Beyonce's Renaissance 2022
Beyoncé's Black, queer 'Renaissance'
| Credit: Mason Poole

In its liner notes, Beyoncé dedicates Renaissance, at least in part, to her late Uncle Johnny, whom she refers to as her "godmother," the person who first exposed her to "the music and the culture that serve" as the album's inspiration. Beyoncé's "godmother" died from HIV-related complications when she was 17 — she would pay tribute to him at the GLAAD Awards in 2019. Upon Renaissance's release, Bey's mother, Tina Lawson, shared the photo her daughter uses in the liner notes on Instagram and the story behind it. 

"Johnny was the closest human being in the world to me. We were inseparable growing up! Later, he was my nanny/housekeeper/designer/dance partner/confidante and bestie. I laughed constantly with him and trusted him unconditionally!" Lawson wrote. "When he died, a piece of me went with him. Solange and Beyoncé worshiped him. He helped me raise them. And influenced their sense of style and uniqueness! He made Beyoncé's prom dress."

On "Heated," Beyoncé, in full ballroom emcee mode, chants, "Unnnnncle Johnny made my dress / That cheap spandex / She looks a mess!" as a fan clacks in the background.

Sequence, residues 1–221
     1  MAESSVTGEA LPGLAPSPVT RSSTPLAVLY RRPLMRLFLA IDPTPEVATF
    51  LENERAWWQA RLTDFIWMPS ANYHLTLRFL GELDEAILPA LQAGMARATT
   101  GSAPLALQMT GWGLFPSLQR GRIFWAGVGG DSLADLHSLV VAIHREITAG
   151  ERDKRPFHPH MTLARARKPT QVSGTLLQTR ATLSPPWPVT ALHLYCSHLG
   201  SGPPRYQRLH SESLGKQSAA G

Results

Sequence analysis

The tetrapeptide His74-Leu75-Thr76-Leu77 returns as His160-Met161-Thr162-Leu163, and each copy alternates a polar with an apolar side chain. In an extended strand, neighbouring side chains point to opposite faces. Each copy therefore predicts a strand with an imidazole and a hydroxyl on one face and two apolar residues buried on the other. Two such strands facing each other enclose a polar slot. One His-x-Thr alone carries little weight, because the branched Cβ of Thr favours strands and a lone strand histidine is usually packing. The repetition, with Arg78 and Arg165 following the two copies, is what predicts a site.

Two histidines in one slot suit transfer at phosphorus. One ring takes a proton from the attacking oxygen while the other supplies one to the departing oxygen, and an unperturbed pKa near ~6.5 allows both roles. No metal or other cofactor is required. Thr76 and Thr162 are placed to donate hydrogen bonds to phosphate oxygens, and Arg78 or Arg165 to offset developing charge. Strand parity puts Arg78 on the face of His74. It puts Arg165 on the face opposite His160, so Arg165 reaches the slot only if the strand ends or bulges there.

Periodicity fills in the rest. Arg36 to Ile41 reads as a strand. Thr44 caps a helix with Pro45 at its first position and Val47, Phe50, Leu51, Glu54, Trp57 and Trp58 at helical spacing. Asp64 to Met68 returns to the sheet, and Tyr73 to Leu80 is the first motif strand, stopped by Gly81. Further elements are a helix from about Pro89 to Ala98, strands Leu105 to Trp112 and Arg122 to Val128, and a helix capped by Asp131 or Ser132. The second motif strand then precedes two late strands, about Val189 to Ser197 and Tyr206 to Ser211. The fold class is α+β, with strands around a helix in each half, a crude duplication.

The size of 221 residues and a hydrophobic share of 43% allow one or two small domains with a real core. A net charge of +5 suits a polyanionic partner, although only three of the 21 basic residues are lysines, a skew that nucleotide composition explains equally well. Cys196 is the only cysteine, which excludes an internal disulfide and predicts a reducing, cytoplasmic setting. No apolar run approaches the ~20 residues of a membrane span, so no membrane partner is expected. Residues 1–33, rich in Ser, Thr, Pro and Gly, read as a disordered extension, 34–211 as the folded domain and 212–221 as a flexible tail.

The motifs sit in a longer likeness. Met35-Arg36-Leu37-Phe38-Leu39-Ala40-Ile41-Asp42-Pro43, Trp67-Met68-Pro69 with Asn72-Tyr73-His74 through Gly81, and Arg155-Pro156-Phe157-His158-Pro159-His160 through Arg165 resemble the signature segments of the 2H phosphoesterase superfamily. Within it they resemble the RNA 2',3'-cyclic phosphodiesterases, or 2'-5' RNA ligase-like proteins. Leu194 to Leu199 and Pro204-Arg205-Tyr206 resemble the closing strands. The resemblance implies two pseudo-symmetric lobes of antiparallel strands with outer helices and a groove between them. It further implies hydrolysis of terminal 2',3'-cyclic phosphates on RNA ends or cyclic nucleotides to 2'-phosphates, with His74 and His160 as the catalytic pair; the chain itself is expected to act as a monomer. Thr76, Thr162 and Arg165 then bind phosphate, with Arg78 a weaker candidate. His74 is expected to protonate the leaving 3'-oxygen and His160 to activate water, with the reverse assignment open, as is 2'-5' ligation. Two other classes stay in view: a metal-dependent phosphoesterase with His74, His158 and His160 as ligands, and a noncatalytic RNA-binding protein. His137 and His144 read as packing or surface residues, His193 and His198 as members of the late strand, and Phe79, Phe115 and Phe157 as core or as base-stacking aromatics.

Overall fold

Certified. Homosexual. 

To anyone who's been paying attention, it should come as no surprise that a gay man was instrumental in the formation of Beyoncé Giselle Knowles Carter. I mean, her high ponytail game, alone. But here she draws the line from the Black queer community to Beyoncé™ more explicitly and directly. Without Uncle Johnny, and the Uncle Johnnys of the world, there would be no Beyoncé.

With Renaissance, the superstar embodies ballroom — and by extension, Black queer influence — as a means to exalt it as the thing that is aspirational. Importantly, Bey also brings along Black and queer artists like Big Freedia, Honey Dijon, Ts Madison, and Syd to enhance and inform these lush soundscapes. Ballroom is, after all, a collective experience. But where the balls originally envisioned the American Dream — and therefore whiteness — as the aspiration, Beyoncé flips the script.

"I'm looking for motivation / I'm looking for a new foundation / And I'm on that new vibration / I'm building my own foundation" she declares on "Break My Soul." 

Beyonce's Renaissance 2022
Beyoncé's Black, queer 'Renaissance'
| Credit: Mason Poole

For me, and perhaps a number of people like me —  the Uncle Johnnys, Black and brown trans folks, QPOCs, etc. — hearing Renaissance was confirmation of what we've always known in our heart of hearts, regardless of what society told us, or how our white peers made us feel: that to be queer, gifted, and Black is — as Nina Simone once intoned — a lovely, precious dream. And in Beyoncé's hands, it's the American Dream. 

Beyoncé is the ultimate manifestation of what ballroom aspired to: the wealth, the glamour, the wigs, the O-P-U-L-E-N-C-E, as attained by a person of color. For her to say, in no uncertain terms, that ballroom is the bar — and that she is who she is because of the very people who worship and emulate her — is not just a renaissance. It's a revolution. 

Uncle Johnny would be proud.